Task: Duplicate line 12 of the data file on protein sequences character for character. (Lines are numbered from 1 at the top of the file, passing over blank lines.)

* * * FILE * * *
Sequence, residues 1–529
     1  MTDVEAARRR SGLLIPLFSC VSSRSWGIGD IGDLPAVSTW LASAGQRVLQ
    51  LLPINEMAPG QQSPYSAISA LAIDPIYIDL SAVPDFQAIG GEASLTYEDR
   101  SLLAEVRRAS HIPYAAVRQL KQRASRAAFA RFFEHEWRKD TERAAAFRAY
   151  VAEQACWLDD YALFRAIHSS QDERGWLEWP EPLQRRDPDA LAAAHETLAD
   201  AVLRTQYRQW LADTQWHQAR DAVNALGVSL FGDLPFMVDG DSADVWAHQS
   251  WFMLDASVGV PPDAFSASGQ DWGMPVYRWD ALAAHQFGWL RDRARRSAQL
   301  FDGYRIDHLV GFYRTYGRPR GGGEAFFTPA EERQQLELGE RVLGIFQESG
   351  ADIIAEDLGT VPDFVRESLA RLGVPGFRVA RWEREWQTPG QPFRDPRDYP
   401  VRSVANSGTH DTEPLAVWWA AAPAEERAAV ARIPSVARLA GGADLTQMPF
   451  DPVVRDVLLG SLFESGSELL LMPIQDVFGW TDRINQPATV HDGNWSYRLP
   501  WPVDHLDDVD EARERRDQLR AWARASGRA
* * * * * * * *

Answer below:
   501  WPVDHLDDVD EARERRDQLR AWARASGRA